Why don’t Jews and Christians celebrate shared holidays on the same day?
There are several Christian holidays that famously correspond with Jewish ones. We know Jesus had a Passover meal with His disciples, which later became known as the Last Supper on the night before His crucifixion. You may also remember that the Outpouring of the Holy Spirit happened on the holiday of Pentecost, which not everyone knows is a Jewish Feast of Weeks, Shavuot.
Shavuot is celebrated 50 days after the first day of Passover. The Christian Pentecost is 50 days after Good Friday, the day of crucifixion. So then, since we’re all counting 50 days from Passover to Pentecost, how come we don’t celebrate both holidays on the same day today?
SOLAR VS. LUNAR
The Hebraic measure of time is slightly different from the commonly used Gregorian calendar. In short, the Gregorian calendar is solar, which means the seasons are determined by the sun. According to the Gregorian calendar we are now in year 2020, and our year began in January.
Hebraic calendar is lunar, which means each month is determined by the phases of the moon. Biblically, it would begin in early Spring, when God said the month of Passover would be the first month of the year. However, in today’s Israel, the year starts in early Fall, on the Feast of Trumpets (Rosh HaShanah – head of the year).
But there is more. It is not just the count of the years that differ between the Judaic and Christian traditions. How do we look at any measure of time – day, week, month?
In the Hebrew calendar, a day runs from one sunset to the next. This definition is rooted in the Biblical description of the Yom Kippur holiday in Leviticus 23:32, where it says the holiday lasted “from evening to evening”. This understanding is respected still in modern day Israel.
That is why the holiest day of the week – the Sabbath – rightfully identified as Saturday, starts being celebrated on Friday evening.
Thus, following the same rule, it is common for the Israeli government to do press conferences already on Saturday evening. That is because as soon as the sun sets on Saturday, the new week has begun.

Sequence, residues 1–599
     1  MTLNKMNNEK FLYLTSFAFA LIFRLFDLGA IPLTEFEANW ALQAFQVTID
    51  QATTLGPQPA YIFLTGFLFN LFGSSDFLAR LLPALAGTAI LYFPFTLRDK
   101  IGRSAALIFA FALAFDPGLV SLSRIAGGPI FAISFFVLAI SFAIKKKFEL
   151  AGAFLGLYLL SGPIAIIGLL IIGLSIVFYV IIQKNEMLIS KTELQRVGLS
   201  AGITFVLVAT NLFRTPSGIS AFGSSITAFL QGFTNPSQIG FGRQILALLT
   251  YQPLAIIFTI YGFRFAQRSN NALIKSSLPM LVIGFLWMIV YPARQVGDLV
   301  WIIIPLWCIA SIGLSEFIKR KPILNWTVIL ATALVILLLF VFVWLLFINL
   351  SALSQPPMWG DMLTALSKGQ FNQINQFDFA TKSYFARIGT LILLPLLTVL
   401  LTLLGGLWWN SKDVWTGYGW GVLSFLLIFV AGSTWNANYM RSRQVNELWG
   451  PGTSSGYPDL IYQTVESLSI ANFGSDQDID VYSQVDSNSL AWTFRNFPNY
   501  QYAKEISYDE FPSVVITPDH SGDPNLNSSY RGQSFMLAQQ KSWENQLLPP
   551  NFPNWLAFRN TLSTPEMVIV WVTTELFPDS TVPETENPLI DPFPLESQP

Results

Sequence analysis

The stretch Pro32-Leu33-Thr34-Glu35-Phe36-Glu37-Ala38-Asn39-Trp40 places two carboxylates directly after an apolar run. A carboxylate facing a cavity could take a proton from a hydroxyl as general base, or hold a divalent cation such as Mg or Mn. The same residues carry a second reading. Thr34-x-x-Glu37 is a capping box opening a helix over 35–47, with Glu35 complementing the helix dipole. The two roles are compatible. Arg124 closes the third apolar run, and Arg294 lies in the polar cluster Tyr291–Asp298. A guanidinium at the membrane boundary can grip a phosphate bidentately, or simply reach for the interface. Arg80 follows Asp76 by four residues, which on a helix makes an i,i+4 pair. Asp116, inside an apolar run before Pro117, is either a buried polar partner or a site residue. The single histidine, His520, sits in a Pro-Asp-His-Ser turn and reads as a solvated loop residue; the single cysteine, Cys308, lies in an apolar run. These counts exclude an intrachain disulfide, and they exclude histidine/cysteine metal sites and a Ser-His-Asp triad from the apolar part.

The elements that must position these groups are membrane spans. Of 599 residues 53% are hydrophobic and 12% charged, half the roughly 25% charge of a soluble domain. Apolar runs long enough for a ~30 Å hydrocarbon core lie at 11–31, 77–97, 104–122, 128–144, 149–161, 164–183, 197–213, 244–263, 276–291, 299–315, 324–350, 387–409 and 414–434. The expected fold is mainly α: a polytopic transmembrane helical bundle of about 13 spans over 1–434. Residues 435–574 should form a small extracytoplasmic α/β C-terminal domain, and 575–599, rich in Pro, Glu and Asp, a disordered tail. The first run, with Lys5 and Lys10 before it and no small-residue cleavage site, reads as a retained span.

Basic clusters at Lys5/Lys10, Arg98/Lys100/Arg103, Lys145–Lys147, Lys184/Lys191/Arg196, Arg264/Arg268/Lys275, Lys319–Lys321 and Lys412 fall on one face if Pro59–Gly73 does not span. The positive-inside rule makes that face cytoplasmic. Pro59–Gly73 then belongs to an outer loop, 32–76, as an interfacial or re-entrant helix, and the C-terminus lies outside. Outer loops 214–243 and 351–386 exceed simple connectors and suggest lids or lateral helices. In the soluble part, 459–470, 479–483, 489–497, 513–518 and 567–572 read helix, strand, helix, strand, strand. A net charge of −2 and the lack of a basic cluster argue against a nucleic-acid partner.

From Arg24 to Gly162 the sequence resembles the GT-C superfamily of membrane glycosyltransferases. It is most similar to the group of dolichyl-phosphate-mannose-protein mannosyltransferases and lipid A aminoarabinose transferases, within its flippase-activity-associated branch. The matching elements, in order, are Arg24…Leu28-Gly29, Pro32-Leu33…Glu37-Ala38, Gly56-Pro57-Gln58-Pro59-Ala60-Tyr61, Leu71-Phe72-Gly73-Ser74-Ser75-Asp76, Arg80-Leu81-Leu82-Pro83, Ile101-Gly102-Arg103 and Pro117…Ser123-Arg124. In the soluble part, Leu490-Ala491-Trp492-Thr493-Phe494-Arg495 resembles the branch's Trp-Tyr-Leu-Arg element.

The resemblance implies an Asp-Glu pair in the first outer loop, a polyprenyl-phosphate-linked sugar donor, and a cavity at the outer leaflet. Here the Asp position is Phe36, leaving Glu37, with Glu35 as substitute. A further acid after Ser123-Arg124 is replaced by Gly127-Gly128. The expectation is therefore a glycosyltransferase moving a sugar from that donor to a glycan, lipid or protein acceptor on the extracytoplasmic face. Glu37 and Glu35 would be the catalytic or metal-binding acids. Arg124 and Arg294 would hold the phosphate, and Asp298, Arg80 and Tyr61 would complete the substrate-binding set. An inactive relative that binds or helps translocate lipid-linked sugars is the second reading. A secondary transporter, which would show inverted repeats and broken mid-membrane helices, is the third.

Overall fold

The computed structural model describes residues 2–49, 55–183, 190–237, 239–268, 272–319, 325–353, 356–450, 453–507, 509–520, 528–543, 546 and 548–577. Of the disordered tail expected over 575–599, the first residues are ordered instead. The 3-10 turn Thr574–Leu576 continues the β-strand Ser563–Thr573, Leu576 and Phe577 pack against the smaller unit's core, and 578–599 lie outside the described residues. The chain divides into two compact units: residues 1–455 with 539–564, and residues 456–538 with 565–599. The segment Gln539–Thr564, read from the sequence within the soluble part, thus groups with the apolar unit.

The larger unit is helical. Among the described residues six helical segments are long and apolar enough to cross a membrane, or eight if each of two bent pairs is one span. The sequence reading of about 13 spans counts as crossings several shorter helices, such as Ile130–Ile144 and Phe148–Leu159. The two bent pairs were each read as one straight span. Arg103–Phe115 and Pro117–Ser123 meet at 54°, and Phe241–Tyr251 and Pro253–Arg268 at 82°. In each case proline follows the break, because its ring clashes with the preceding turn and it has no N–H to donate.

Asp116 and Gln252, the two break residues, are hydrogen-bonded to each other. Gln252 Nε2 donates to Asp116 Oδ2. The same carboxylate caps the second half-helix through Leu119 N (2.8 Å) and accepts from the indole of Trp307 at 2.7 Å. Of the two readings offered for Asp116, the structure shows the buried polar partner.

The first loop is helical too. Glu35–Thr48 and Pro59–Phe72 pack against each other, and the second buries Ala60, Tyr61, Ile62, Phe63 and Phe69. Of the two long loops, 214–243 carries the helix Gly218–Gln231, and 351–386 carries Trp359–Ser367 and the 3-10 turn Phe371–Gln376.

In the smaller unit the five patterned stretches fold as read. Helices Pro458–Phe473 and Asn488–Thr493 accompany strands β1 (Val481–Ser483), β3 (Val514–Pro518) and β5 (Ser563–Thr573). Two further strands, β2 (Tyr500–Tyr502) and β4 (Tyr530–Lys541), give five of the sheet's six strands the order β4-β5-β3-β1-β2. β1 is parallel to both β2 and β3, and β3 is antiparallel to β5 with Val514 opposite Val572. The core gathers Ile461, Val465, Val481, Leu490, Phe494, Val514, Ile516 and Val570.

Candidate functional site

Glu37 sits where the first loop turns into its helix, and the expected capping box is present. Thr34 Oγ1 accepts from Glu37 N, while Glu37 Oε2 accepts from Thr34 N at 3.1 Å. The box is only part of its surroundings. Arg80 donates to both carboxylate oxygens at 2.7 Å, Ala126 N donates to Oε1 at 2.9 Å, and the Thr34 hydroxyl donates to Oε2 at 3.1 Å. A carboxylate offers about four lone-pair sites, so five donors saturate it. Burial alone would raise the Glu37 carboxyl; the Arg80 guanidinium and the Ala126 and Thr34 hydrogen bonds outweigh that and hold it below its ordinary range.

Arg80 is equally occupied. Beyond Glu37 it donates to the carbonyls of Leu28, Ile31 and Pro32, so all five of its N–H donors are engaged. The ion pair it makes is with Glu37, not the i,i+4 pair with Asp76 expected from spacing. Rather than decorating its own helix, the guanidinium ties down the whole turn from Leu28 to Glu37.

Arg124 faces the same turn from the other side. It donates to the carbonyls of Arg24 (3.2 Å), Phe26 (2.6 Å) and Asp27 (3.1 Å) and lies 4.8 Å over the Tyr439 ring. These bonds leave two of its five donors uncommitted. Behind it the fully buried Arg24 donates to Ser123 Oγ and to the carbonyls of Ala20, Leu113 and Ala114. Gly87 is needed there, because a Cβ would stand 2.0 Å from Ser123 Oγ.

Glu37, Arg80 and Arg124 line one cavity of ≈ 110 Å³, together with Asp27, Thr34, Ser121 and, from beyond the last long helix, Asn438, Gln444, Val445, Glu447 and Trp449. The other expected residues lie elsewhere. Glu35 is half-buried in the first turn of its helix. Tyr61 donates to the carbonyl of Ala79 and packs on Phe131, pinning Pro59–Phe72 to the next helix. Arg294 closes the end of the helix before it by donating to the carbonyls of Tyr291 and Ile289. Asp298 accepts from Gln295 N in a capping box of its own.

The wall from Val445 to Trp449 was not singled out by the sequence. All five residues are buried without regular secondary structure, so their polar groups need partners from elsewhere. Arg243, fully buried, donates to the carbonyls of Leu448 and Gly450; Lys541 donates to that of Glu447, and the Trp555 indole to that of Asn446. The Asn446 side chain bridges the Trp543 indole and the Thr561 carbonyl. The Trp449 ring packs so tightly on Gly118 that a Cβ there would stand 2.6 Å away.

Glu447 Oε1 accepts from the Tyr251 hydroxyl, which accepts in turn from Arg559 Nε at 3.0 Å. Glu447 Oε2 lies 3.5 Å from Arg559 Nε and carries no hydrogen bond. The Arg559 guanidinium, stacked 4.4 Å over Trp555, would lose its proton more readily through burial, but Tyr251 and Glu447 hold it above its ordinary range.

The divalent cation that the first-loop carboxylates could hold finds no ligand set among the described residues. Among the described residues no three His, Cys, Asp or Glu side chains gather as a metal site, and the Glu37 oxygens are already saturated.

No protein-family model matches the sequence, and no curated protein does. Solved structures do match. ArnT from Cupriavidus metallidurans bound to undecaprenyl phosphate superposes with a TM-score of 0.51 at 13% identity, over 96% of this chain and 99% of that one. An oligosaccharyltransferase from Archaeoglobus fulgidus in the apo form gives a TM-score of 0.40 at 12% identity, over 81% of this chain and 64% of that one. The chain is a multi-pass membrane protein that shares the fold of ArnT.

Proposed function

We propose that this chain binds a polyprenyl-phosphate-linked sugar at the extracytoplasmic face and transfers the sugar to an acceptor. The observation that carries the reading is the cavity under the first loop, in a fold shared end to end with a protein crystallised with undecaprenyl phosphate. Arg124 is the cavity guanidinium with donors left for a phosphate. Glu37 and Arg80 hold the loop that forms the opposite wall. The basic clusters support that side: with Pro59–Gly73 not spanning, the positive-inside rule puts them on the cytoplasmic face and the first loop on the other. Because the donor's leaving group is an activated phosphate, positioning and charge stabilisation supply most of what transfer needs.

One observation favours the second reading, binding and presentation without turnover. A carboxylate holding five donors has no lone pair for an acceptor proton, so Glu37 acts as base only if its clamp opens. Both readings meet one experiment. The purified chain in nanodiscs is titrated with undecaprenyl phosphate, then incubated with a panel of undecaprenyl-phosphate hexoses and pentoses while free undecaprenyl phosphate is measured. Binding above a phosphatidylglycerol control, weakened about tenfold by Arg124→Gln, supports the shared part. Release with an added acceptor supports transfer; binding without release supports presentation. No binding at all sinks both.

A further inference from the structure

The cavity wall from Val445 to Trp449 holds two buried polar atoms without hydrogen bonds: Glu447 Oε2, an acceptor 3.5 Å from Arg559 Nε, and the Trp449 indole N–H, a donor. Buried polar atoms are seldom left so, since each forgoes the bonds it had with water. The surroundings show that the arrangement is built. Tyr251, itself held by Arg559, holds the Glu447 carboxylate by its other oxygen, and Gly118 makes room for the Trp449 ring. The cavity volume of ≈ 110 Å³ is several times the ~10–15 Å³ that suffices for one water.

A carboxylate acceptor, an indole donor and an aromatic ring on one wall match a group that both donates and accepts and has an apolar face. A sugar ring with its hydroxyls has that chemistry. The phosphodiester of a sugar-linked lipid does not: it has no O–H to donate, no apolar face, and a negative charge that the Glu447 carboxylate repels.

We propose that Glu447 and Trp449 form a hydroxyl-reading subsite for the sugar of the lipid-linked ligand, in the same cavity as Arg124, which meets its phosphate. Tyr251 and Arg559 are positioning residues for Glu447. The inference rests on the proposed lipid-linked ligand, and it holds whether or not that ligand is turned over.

When God created the world, He did so in six days. On the sixth day, God created man and woman, and instructed them to cultivate the earth.
However, before they even got a chance to rule over creation, there came day number seven – the Sabbath. Adam and Eve started their lives with fellowship with their Creator.
Because of the story of creation, in Hebrew the days of the week are simply called: Day First (Sunday), Day Second, and so on – ending with Shabbat, the seventh day.
Whenever Western cultures debate whether the week starts on Sunday or Monday, in Israel it’s not even question, because Sunday is literally called Yom Rishon – Day First.
As already shown above, the Bible is quite specific in counting the days, months and years. For every holiday, God chose a specific time in His calendar.
But more than that, God instructed the Israelites also to be mindful when every month begins!
Rosh Hodesh, meaning the head of the month, corelates with new moon and is a holiday at the beginning of every month. Throughout history, observing the moon helped the Jewish people recognize the appointed times commanded by the Lord. Thus, watching the night sky and celebrating the new moon was a way of keeping track of every passing month.
Counting the years according to the Hebrew calendar is a slightly complicated process. The leap years in Israel do not have an additional day, but an additional month! Additionally, leap years occur seven times in a 19-years cycle. The additional month is called the second Adar, so some Jews celebrate the holiday of Purim twice, since it’s celebrated during the regular month of Adar.
Every seventh year is a Sabbath Year (Shmita) when parts of the land are to lie fallow, according to an agricultural rotation. Additionally, at the end of seven cycles of the Shmita Year starts the Year of Jubilee, when according to the Bible slaves were freed and debts were forgiven.
HEART OF WISDOM
It is fascinating and exciting to explore this different approach to time and counting our days.
God revealed in His Word that even though He mysteriously works outside of our timeframe, He works with it for our benefit, and wants us to be mindful of it. He teaches us to remain watchful.
In one of his psalms, Moses expresses it beautifully, asking the Lord: “Teach us to number our days, that we may gain a heart of wisdom.” (Ps 90:12) Whichever calendar we follow, God is teaching us about His appointed times, so we can celebrate the miracles He has done and prepare for the second coming of His Son to Earth.